By Farman Nawaz
(This Article is unpublished)
I searched the four main English news websites of China to find information about ‘Project Mausam’ of India and to my surprise I could not find any information about this Indian project which is supposed to counter Chinese ‘Maritime Silk Road’ project.
In February 2015, Indian government is arranging a conference to give this project a practical shape. The aim of the project is to counter the Chinese Naval influence in Indian Ocean. But the main difference between Chinese ‘Maritime Silk Road’ project and Indian ‘Project Mausam’ is that the latter will also promote cultural heritage of India.
Many of us will have information about the old Silk Road that not only it promoted trade but along with trade it also exported philosophies, cultures and religion. Islam reached China the same way. Indian project has also the blend of this old fact. Indian culture is rich and it has an influence on the countries around Indian and Arabian ocean. Indian culture has also the unique aspect that it can absorb other cultures and traditions. Indian culture does not afraid of cultural invasions.
Now the question is what are the chances of success of these projects.
India is in close proximity to the countries sounding Indian and Arab oceans. The blend of Indian cultural heritage will give this project a boost because not only Indians workers are working in the surrounding countries but Indian film industry has strong roots in this region too. Similarly Indian education system is considered one of the best systems in the region. Only in the last twenty years seven Indians are awarded Noble peace awards. Besides that Indian Industrial base is quite enough to pour its products into the region.
On the other side Chinese Maritime Project is mainly confined to trade and may be naval influence in the region. Not only China is a bit away from the region but China is also busy in the South China Sea. Chinese politics is avoiding cultural influence. The main complaint from Chinese trade is of trade deficit issues with the importing country. Similarly Chinese education ministry must analyze how many students are offered admission by Chinese Universities from the countries of Indian and Arab oceans. The UNESCO Institute of Statistics website (http://www.uis.unesco.org/Education/Pages/international-student-flow-viz.aspx) better explains the ratio of International student’s mobility. India is far ahead than China.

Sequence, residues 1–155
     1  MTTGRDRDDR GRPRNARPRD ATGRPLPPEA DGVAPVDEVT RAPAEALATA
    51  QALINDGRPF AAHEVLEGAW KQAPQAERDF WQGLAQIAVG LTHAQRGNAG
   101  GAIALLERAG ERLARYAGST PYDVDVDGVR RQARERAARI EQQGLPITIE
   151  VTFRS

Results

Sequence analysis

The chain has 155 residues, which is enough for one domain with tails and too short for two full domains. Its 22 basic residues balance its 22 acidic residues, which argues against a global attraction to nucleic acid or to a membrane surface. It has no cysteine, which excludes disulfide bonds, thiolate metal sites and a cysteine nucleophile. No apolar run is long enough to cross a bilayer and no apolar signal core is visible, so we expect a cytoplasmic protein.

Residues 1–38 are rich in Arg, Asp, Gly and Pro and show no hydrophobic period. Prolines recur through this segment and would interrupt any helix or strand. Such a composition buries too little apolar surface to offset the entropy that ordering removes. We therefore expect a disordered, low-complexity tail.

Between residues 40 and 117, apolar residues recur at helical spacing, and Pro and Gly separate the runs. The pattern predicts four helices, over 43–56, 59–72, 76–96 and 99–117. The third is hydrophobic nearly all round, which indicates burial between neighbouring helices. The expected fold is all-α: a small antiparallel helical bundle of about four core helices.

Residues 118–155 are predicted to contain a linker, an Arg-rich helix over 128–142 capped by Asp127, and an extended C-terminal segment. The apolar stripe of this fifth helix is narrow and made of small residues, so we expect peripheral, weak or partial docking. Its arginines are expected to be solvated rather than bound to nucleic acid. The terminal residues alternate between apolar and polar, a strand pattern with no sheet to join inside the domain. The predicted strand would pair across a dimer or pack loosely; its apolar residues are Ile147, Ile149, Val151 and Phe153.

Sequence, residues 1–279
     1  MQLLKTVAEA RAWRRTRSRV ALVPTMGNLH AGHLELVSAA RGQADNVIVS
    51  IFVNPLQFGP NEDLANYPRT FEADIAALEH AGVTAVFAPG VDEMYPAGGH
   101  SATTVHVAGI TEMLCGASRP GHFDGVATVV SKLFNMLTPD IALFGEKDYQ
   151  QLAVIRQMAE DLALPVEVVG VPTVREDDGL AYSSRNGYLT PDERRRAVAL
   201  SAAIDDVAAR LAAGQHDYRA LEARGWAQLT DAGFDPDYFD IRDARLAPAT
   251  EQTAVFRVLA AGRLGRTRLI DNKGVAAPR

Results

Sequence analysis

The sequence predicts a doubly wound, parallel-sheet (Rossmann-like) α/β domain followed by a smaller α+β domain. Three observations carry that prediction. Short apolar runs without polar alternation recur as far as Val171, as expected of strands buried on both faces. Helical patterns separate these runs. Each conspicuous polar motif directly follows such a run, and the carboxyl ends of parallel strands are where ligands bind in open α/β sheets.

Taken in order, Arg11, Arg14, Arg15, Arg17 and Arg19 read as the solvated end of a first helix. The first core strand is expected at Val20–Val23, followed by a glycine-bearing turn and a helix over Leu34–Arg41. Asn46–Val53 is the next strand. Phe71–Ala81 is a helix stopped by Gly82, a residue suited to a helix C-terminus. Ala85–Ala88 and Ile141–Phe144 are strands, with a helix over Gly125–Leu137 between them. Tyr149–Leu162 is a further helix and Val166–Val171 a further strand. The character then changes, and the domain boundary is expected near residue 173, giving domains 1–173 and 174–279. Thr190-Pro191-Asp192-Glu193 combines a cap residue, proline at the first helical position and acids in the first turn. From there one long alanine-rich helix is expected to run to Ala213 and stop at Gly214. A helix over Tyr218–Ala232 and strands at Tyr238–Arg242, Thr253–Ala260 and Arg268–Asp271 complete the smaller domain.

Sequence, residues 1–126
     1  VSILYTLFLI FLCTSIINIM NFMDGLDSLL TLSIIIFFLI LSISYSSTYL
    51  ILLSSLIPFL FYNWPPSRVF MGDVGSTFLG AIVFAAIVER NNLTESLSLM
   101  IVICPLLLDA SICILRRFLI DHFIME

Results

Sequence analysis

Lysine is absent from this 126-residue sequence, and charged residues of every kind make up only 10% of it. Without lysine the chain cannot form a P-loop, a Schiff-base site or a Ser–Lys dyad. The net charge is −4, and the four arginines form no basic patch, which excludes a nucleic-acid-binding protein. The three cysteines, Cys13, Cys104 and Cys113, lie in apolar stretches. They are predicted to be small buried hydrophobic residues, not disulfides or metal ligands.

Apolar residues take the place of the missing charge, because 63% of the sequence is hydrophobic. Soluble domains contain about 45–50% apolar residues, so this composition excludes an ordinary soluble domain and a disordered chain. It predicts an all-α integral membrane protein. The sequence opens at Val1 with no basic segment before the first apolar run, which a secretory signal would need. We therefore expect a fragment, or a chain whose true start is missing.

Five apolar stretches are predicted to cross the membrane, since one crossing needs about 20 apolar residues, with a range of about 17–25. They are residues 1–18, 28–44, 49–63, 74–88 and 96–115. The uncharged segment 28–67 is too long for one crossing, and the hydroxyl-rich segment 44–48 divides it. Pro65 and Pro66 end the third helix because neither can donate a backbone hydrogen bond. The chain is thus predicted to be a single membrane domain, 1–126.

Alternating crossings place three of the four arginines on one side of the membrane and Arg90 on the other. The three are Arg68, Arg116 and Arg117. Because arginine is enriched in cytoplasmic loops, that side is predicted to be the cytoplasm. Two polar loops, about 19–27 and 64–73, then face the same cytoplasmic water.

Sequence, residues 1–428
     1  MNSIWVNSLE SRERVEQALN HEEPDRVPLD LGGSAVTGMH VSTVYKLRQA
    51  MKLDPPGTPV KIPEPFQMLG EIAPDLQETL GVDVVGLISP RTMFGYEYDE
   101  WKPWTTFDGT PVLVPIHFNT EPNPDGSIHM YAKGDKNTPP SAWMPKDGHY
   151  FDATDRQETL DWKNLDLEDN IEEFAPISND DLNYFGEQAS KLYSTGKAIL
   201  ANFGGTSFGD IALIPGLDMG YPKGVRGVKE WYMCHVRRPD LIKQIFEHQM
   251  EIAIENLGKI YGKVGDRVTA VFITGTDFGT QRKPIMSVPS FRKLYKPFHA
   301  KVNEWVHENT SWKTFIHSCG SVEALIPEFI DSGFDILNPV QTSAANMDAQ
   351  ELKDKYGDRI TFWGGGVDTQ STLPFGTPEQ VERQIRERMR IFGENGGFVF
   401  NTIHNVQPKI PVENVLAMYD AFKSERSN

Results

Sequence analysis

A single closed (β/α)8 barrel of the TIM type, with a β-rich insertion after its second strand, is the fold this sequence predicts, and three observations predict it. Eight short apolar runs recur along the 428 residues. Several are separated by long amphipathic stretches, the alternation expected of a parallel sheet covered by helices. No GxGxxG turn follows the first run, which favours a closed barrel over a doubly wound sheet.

It is estimated by the British council that International student mobility will increase till 2020. largest numbers of mobile students in 2020 expected to be from China (585,000), India (296,000), South Korea (134,000), Germany (100,000), Turkey (84,000), Malaysia (82,000) and Nigeria (67,000); largest increase from India (+71,000 from 2011), followed by Nigeria, Malaysia, Nepal, Pakistan, Saudi Arabia and Turkey. Where as the following countreis will accommodate these students. Australia, United Kingdom, United States, Canada, Spain, Brazil, South Korea, India, Russia, Turkey, Thailand, South Africa, Poland, Indonesia, Mexico, Ireland, Malaysia ,Switzerland ,France, Germany, and Japan.
Indian project, although in initial stages, seems more dimensional than Chinese Maritime Silk Project. What I have expressed in the first para shows that China is still not ready to counter the Indian initiative. China must also keep this in mind that its trade route towards Arabian world is exposed to the threat of Islamic State – a new umbrella for the extremists of this region whose presence is also felt in the neighborhood of China.
China will have to blend its project with multidimensional aspects otherwise India under Modi is ready to break the assumption that India remains mute spectator to China’s expanding interests in the region. The project is meaningful and does not lack teeth.